I recently broke up with Canada!

I recently broke up with Canada.  While breaking up with a country sounds awfully dramatic, this really is not.  My wife and many of her friends are from Canada and when the country showed up under “people you may know” on Facebook, I didn’t think twice about friending Canada.  I’ve had great experiences with all my Canadian friends and the multiple business trips and vacations up north have all been enjoyable.  I figured there would be no harm in showing my support for the Maple Leaf.  Instead, I was immediately inundated with posts, notes and articles about Canada.  With so many posts about Canada in my news feed, I found it challenging to keep up with my actual friends.  While some of the articles were interesting, the overexposure quickly moved Canada to my ignore list.

There is a fine line between presenting a lot of useful information and spam.  We tend to associate spam with the flood of requests in an inbox to help with international banking transactions or to purchase questionable medications online.  In reality, spam can be any type of bulk communication sent electronically.  I am sure the marketing folks managing the Canada Facebook page did not see their communication as spam, but I saw it that way when its’ posts took up a third of my news feed.

For a small business looking to increase sales or leads through Web 2.0 marketing, desensitizing your audience through too much information can really hinder your efforts.  Here are a few basic communication tips to help with your online campaign:

1. Aggregate your information – Small businesses should communicate daily or weekly to stay in the minds of their customers, but you should not inundate them with information.  If you have multiple newsworthy items in one day, consolidate them into a few emails, forum posts, or Facebook notes.

2. Relate to your audience – Simply posting a link to an article does not make it inherently interesting.  Make sure you explain why the article is useful for your audience and how it relates to your business.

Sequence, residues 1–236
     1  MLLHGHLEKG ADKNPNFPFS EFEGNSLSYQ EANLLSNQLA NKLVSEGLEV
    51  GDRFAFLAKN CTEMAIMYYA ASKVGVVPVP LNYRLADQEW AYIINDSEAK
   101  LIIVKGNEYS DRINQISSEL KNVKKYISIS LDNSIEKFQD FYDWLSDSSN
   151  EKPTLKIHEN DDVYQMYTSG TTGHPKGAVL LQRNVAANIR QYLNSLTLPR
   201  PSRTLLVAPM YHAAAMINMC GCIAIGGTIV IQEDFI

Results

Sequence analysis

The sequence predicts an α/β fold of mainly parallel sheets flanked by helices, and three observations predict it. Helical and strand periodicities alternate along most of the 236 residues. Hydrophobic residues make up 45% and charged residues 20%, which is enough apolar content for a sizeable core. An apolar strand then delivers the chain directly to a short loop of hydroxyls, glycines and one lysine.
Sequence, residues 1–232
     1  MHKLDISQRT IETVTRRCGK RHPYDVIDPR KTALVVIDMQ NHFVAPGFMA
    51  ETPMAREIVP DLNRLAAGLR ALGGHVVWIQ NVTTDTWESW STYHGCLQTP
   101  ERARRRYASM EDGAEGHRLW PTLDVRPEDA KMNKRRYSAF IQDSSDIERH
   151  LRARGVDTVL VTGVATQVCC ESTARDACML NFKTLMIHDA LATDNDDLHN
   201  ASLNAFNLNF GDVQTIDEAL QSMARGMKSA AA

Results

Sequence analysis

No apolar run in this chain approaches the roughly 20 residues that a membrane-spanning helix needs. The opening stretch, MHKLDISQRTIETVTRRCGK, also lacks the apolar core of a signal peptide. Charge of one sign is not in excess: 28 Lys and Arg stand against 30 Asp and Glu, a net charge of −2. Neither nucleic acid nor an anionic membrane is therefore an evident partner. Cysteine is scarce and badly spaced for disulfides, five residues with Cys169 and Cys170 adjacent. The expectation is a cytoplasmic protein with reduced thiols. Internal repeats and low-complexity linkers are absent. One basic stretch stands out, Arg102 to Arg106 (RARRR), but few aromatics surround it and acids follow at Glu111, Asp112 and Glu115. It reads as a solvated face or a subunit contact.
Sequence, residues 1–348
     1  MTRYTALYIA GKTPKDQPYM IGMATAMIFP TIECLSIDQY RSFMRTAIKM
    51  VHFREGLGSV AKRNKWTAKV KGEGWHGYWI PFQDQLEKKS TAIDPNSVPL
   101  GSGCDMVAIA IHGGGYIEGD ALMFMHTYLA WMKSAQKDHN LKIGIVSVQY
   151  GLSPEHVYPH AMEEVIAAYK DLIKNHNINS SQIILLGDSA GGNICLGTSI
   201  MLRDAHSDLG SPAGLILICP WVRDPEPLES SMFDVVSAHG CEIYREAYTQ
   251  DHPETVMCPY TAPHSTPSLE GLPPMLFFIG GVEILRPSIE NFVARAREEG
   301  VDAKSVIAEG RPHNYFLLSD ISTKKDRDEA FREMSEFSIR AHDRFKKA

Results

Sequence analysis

3. Understand the medium – Twitter and Facebook are integrated and blog posts can be easily shared with multiple information aggregators.  That does not mean people use Twitter, Facebook and blogs for the same purpose.  While content can be shared, it is important to understand how your users interface with each application and be flexible in each marketing approach.

4. Read the feedback – Possibly the most useful function of Web 2.0 technologies is the ability to receive instant feedback.  This is incredibly helpful for any company to evaluate the effectiveness of a marketing campaign beyond sales numbers.  Instantaneous feedback allows you to change your business strategies on the fly and tailor your message to the people you most want to reach.

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One Response to “I recently broke up with Canada!”

  1. Christa says:

    Hey Joel – I like your blog… it’s so true – I have several fan sites and 1 actual friend in my ignore list on FB – way TMI! I was just up in the Canadian Rockies on vacation – what beautiful country!!

    I hope you’re doing well – sounds like you are since you’re working and mention your wife (Fiona I’m assuming?). Take care! Christa

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